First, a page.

But this is not just unacceptable ethically and environmentally. It actually is counter-productive from an economic point of view. People around the world in China or India, do not seek out and buy British products because they are the cheapest – they buy British products because they trust them and know they are of high quality. By removing our environmental and food quality standards, this Tory government will not boost business – they will undercut it.

It doesn’t have to be like this. There’s a version of Brexit that can reconcile an open-facing, ambitious international trade agenda with the need to protect the natural world through raised environmental standards. But to understand what that looks like and how to get there, you have to begin from a very different place.

As a society, we too readily forget that whilst trade has brought many benefits to the people of the world it has also not been without costs – particularly to the natural world. It is a legacy that stretches back hundreds of years. From the 16th Century and the birth of global exploration; the beginnings of colonialism and the era of slavery.

And with the advent of globalisation, the sixth mass extinction began. The furs of the sea mink, the meat of passenger pigeons, the rich subcutaneous fat of Steller’s sea cow. All now gone the way of the Dodo. The engine of trade fuelled the commodification of living things.

Today, trade despoils the natural world in more accelerated and insidious ways. Be it non-native invasive species that are swept into cargo holds or reside in the ballast of ocean going vessels, only to emerge in new habitats where they wreak havoc on native populations. Our demand for basic goods like timber, soy, palm oil, cocoa and paper, which drives the destruction of millions of hectares of precious forest ecosystems across the globe. Or even through the planes and freight ships that carry goods around the planet, pumping ever more carbon dioxide into our atmosphere, hastening the breakdown of our global climate.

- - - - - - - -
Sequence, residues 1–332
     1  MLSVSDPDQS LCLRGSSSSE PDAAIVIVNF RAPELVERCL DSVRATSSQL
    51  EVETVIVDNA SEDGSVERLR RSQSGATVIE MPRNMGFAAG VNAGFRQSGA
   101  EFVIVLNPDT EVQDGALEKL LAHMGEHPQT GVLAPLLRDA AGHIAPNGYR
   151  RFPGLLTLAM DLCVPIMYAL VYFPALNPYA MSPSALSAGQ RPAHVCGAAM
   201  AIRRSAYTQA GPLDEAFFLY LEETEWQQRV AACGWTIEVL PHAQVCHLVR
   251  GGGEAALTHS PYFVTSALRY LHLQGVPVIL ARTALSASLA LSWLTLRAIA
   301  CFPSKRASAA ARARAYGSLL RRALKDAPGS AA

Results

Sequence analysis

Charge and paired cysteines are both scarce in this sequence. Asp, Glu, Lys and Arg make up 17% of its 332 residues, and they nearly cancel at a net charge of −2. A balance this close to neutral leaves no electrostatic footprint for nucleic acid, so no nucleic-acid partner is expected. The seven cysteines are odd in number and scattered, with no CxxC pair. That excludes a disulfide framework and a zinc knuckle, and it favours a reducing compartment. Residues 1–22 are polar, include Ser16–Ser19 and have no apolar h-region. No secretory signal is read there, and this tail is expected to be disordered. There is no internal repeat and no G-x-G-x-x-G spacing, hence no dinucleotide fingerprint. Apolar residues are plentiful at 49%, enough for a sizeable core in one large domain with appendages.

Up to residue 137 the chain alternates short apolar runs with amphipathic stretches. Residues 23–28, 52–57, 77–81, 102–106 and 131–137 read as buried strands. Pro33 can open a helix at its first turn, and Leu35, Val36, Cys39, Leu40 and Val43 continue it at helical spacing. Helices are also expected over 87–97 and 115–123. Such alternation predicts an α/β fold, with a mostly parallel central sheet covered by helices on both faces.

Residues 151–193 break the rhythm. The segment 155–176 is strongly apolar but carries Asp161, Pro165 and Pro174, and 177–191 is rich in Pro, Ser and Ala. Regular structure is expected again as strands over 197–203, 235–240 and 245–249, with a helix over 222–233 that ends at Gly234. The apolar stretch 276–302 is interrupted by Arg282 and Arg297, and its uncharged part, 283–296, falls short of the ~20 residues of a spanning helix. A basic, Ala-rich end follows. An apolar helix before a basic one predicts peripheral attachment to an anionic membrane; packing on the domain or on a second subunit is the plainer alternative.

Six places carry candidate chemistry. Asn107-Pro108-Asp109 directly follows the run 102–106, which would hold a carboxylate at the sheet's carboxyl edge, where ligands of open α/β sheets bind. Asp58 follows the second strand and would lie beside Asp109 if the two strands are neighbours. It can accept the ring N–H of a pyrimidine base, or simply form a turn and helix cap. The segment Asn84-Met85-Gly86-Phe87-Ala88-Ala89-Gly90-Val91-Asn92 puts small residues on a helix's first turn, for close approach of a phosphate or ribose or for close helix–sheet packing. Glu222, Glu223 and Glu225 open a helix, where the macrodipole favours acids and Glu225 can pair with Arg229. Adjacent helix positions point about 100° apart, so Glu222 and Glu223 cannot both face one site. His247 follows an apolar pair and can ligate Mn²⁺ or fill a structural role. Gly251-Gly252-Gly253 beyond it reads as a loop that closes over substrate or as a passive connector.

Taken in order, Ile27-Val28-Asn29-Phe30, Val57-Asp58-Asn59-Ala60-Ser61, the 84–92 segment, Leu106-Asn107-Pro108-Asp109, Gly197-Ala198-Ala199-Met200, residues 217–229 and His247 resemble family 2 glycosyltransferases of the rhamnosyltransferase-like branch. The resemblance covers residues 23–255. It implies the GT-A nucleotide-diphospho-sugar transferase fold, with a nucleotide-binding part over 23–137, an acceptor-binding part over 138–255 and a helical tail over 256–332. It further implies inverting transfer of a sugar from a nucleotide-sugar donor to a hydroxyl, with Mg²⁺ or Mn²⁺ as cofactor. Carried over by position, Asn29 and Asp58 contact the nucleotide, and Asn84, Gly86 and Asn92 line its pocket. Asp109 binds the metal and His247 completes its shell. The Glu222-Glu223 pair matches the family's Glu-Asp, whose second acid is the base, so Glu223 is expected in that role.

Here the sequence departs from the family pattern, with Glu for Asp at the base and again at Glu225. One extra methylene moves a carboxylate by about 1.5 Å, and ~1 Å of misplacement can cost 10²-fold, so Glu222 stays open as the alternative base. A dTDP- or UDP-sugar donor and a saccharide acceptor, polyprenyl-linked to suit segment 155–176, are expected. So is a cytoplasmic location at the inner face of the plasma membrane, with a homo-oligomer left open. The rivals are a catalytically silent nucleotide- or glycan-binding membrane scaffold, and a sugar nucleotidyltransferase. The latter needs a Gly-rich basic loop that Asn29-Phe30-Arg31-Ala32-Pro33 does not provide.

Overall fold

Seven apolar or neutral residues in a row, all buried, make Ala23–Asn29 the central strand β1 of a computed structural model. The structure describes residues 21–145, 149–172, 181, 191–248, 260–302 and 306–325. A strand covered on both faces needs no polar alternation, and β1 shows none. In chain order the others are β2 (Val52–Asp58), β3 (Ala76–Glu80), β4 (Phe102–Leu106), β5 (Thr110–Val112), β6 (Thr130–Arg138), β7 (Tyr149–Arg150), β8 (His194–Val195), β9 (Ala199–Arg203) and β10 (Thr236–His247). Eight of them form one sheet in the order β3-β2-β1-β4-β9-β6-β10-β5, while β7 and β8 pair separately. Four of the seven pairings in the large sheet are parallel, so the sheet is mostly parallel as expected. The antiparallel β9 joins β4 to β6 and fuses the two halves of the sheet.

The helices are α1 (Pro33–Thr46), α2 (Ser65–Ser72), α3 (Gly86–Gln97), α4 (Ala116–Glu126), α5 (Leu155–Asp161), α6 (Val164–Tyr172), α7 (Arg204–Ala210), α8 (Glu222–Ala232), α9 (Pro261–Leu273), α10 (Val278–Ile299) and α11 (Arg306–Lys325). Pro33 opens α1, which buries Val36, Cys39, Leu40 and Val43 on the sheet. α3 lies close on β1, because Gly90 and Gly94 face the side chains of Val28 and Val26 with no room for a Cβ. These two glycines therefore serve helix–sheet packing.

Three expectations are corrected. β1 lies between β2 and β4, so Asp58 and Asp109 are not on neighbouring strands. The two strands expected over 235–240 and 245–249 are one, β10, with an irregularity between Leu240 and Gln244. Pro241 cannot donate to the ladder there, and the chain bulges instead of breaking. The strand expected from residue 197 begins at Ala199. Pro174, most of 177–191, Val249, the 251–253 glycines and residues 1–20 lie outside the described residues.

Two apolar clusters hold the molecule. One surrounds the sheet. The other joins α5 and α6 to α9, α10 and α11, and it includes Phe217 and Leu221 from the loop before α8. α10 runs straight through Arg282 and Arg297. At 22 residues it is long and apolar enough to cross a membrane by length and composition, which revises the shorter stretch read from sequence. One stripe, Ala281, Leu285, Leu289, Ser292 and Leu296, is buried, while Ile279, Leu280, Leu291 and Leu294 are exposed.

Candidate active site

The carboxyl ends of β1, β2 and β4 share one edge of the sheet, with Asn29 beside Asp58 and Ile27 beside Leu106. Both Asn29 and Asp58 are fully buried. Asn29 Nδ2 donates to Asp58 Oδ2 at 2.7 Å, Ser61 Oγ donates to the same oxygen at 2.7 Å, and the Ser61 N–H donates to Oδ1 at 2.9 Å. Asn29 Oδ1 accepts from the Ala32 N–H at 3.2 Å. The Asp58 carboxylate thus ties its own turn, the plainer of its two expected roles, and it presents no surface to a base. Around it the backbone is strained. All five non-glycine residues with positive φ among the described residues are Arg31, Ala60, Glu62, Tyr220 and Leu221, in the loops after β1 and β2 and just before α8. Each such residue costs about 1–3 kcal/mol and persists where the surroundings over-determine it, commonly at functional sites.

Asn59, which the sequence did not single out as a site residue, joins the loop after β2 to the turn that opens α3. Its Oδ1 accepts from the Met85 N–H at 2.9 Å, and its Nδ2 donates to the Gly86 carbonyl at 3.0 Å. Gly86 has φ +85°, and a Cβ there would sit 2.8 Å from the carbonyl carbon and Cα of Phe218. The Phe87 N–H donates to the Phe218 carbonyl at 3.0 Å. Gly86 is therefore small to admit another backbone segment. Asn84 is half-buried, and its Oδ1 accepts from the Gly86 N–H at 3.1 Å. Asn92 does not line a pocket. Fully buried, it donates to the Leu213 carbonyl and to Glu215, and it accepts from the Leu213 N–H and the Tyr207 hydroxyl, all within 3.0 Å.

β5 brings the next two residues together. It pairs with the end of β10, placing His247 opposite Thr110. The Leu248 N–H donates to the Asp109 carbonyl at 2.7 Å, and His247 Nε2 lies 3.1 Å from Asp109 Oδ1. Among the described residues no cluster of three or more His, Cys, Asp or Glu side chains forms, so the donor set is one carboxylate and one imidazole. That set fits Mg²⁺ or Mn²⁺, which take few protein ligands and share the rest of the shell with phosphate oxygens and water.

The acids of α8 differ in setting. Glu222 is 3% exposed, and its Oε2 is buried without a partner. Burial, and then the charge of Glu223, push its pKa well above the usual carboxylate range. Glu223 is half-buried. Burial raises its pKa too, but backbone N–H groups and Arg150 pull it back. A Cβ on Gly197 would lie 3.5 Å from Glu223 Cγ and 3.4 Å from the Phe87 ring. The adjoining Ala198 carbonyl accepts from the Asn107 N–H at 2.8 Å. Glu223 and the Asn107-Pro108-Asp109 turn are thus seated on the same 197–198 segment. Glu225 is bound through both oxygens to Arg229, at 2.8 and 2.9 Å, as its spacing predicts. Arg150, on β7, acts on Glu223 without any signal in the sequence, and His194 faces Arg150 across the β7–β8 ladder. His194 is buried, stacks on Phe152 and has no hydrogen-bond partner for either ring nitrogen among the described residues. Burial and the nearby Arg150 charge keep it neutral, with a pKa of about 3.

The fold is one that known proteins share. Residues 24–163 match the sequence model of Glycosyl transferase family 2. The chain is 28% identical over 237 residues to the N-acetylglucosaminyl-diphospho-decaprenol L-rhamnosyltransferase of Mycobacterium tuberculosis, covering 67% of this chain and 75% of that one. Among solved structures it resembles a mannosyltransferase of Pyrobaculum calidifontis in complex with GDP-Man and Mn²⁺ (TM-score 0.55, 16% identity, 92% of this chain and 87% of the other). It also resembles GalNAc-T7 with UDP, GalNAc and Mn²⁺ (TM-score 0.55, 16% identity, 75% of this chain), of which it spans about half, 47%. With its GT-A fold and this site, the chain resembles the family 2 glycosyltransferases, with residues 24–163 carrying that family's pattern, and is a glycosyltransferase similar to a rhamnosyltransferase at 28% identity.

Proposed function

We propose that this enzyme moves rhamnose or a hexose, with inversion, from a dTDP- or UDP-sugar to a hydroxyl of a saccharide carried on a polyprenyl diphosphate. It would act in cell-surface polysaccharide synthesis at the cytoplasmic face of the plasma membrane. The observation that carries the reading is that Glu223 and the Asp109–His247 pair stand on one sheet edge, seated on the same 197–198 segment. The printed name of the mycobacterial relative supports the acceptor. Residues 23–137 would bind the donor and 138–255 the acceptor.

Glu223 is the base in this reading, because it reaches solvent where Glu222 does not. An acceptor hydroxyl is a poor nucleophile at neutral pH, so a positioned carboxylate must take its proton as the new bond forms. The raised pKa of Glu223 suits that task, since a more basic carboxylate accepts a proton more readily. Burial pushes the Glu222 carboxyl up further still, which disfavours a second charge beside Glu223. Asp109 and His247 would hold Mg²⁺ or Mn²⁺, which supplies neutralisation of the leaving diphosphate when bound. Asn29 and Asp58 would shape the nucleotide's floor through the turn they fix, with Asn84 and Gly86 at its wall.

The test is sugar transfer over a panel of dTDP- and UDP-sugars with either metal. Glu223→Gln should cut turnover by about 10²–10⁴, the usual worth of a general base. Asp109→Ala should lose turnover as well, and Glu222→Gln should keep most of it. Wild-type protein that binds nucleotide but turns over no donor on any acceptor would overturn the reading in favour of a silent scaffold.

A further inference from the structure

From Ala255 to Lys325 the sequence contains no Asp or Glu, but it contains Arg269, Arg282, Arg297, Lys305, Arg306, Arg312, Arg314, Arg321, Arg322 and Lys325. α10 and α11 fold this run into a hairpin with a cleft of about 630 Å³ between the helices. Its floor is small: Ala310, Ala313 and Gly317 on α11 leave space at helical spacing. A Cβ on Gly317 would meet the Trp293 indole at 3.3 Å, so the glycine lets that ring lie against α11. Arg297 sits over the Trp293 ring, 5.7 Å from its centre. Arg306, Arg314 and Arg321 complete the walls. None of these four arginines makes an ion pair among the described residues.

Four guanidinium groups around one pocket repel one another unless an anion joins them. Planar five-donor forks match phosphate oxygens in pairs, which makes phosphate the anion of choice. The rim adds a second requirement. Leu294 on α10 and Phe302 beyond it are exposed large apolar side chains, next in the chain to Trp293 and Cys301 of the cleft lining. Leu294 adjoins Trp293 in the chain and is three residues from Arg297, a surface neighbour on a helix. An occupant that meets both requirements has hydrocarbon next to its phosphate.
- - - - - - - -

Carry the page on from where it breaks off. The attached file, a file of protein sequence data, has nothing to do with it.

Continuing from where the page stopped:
The correlation between rising Trade & Consumption – and Environmental decline is one that must be broken.

But millions of people’s jobs depend on our continuing trade into overseas markets. Our nation is built on the back of strong international trade. Exports make up 30 per cent of our GDP. And as a party, Labour is absolutely in favour of Fair and Open trade and investment. But what is equally clear is that we cannot continue business as usual.

We no longer live in business as usual times. Last week, the global scientific community sounded the alarm. We have just twelve years to avert dangerous climate change. In the words of the report by the IPCC, only “rapid and far-reaching” changes to how we run our economy will be sufficient to avoid the most catastrophic global warming scenarios.

What impact did this have in Whitehall? Two days after the IPCC published their report, the government made an announcement that flew in the face of its evidence. UK Export Finance – the department responsible for boosting British exports abroad – said that it was considering financing the multi-billion-pound expansion of an oil refinery in Bahrain.

This is nothing new. Last year, UK Export Finance announced 400 million dollars in support for a General Electric Oil and Gas contract to develop oil and gas fields 60 kilometres off Ghana’s coast.